San Francisco Circumcision Ban

Creative Commons License photo credit: daipresents

Circumcision has, in some circles, been viewed as a somewhat controversial practice over the past few years. Take, for example, the effort in San Francisco to ban the practice outright. Politicians there have put a measure on the local ballot that would prohibit circumcision for men and boys under the age of 18 unless there is a “medical necessity” to having the procedure.

Effectively, this would end the practice of infant circumcision in that city. Obviously, this is big news, as the practice hasn’t been banned anywhere else in the United States up to this point. Proponents of the measure say that it’s an unnecessary procedure, that it’s painful for the infant and that it creates unnecessary health risks.

Those opposed to the circumcision ban argue that it’s perfectly within parents’ rights to make the decision about circumcision for their infant. There are a number of cultural and religious traditions that consider circumcision a rite of passage. Those opposed to the measure include the City of San Francisco, the ACLU, the San Francisco Medical Society, a number of different religious groups, and more.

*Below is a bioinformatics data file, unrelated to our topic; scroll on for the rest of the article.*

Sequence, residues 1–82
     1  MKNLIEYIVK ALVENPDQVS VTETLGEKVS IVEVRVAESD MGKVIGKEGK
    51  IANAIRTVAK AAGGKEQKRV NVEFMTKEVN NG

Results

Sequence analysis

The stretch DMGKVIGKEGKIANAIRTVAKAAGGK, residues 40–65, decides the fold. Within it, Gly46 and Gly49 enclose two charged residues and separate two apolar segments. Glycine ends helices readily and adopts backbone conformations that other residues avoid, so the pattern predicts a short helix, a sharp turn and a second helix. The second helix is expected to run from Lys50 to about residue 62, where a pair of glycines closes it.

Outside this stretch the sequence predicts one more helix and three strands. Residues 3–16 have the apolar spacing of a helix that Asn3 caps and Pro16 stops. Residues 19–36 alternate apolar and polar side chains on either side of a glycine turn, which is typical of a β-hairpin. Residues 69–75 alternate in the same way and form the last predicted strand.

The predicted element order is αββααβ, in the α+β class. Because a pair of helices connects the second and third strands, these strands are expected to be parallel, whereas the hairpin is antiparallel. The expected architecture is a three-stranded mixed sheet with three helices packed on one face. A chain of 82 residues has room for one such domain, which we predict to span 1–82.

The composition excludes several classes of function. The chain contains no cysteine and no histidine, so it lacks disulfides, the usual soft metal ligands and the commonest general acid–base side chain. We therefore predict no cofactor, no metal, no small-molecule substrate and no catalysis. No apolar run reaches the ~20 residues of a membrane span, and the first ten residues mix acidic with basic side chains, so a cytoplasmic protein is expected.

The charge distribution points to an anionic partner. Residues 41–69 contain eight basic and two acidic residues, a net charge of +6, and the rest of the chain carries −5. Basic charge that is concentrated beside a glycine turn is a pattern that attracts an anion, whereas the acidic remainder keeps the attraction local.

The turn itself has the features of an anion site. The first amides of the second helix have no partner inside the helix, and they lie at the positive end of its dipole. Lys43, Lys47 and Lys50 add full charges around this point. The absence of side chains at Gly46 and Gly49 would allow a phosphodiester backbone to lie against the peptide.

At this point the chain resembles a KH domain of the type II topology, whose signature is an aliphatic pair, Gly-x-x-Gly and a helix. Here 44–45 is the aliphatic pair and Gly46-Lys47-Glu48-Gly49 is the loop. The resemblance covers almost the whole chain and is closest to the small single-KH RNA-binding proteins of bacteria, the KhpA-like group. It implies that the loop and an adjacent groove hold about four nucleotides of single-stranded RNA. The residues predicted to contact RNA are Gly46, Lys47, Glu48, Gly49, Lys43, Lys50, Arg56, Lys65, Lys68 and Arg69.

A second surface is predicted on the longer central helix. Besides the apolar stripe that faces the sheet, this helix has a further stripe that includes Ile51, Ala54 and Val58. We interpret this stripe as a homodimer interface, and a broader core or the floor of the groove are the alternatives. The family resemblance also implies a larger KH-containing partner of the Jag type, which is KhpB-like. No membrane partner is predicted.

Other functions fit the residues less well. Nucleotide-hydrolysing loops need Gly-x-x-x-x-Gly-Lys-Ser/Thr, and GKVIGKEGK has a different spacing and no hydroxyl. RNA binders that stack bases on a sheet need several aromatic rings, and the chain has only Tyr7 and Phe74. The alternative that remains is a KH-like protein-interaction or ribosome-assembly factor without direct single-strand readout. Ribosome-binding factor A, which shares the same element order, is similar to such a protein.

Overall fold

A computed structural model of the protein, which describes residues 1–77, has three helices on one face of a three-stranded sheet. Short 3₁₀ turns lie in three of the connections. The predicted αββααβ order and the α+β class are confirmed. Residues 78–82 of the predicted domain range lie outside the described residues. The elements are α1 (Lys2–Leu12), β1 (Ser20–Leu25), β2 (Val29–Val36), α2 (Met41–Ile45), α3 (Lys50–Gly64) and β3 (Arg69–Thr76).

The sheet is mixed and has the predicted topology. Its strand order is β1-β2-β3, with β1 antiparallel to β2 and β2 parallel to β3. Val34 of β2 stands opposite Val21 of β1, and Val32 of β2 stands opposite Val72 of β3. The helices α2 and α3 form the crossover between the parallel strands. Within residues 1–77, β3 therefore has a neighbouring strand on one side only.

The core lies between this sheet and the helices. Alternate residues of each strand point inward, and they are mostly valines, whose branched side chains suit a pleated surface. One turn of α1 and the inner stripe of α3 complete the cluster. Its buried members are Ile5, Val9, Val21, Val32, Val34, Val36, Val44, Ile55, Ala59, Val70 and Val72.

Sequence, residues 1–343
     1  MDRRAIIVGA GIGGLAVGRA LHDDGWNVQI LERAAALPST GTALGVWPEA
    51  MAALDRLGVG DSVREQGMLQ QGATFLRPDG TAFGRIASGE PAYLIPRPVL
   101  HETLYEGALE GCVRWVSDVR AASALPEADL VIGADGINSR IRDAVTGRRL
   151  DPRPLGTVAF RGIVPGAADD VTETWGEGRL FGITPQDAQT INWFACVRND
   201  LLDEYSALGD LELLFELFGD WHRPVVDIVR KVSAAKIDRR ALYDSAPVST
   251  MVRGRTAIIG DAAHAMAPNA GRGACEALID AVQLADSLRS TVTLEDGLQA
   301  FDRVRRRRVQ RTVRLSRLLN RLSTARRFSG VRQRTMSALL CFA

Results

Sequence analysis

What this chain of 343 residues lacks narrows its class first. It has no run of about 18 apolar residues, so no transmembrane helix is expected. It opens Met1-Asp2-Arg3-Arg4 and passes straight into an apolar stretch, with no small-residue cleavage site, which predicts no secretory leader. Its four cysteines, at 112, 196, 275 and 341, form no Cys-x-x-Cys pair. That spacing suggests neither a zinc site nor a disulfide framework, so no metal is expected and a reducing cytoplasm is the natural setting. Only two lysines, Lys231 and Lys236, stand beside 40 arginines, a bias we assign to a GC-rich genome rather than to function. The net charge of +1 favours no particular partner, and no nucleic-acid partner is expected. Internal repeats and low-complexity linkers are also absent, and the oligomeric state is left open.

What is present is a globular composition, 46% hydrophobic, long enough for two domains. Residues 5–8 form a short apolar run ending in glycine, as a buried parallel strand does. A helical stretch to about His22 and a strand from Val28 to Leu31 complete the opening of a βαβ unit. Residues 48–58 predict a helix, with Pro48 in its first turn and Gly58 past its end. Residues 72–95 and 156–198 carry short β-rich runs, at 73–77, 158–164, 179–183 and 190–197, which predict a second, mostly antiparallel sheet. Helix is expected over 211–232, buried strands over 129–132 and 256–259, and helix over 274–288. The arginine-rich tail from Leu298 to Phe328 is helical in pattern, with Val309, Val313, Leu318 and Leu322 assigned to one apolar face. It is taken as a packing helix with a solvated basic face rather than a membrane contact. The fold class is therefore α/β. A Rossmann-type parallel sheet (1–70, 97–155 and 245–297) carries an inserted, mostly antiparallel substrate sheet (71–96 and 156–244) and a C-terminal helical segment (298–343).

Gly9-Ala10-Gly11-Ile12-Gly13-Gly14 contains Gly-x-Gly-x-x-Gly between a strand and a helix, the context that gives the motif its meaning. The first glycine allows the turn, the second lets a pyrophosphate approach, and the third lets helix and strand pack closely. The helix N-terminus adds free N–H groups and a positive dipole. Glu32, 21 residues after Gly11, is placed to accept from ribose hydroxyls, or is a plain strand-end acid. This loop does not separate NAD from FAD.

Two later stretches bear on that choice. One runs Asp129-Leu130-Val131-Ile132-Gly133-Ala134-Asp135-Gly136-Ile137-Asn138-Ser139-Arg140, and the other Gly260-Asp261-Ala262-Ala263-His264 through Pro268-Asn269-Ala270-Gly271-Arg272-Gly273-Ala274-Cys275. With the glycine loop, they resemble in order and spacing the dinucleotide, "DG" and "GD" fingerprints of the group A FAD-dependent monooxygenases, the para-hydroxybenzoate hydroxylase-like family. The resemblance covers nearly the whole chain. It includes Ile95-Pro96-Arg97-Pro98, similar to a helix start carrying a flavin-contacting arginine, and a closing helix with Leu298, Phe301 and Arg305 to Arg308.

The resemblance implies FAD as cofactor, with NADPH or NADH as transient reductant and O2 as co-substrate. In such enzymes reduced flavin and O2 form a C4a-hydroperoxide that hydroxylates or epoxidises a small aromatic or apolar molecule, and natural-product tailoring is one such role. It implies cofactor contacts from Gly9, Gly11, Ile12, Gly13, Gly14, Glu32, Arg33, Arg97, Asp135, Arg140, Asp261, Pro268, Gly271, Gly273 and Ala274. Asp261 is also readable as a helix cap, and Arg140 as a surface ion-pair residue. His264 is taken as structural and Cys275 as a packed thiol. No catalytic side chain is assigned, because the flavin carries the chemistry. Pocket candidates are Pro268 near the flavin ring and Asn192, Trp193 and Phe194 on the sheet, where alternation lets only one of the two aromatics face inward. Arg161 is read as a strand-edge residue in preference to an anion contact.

The proposed ballot measure would allow the question to be put on the ballot in November. It’s being proposed by a citizen group led by Lloyd Schofield.

Meanwhile, politicians in Sacramento aren’t letting the measure go unnoticed. Legislators are considering a state law that will prevent the proposed ban in San Francisco. Specifically, the proposed state law would state that no local government can “prohibit or restrict” male circumcision.

This proposed ban comes at an interesting time. More and more, researchers are discovering that circumcision can actually provide a number of health benefits. In research in South Africa, for example, villages where circumcision has been offered to adult males has led to a dramatic reduction in the spread of HIV, and the WHO has officially recommended male circumcision.

It will be interesting to see what happens over the next few months in San Francisco. Whether or not the state lawmakers are able to pass their bill will determine whether the proposed ban makes it to the ballot or not.

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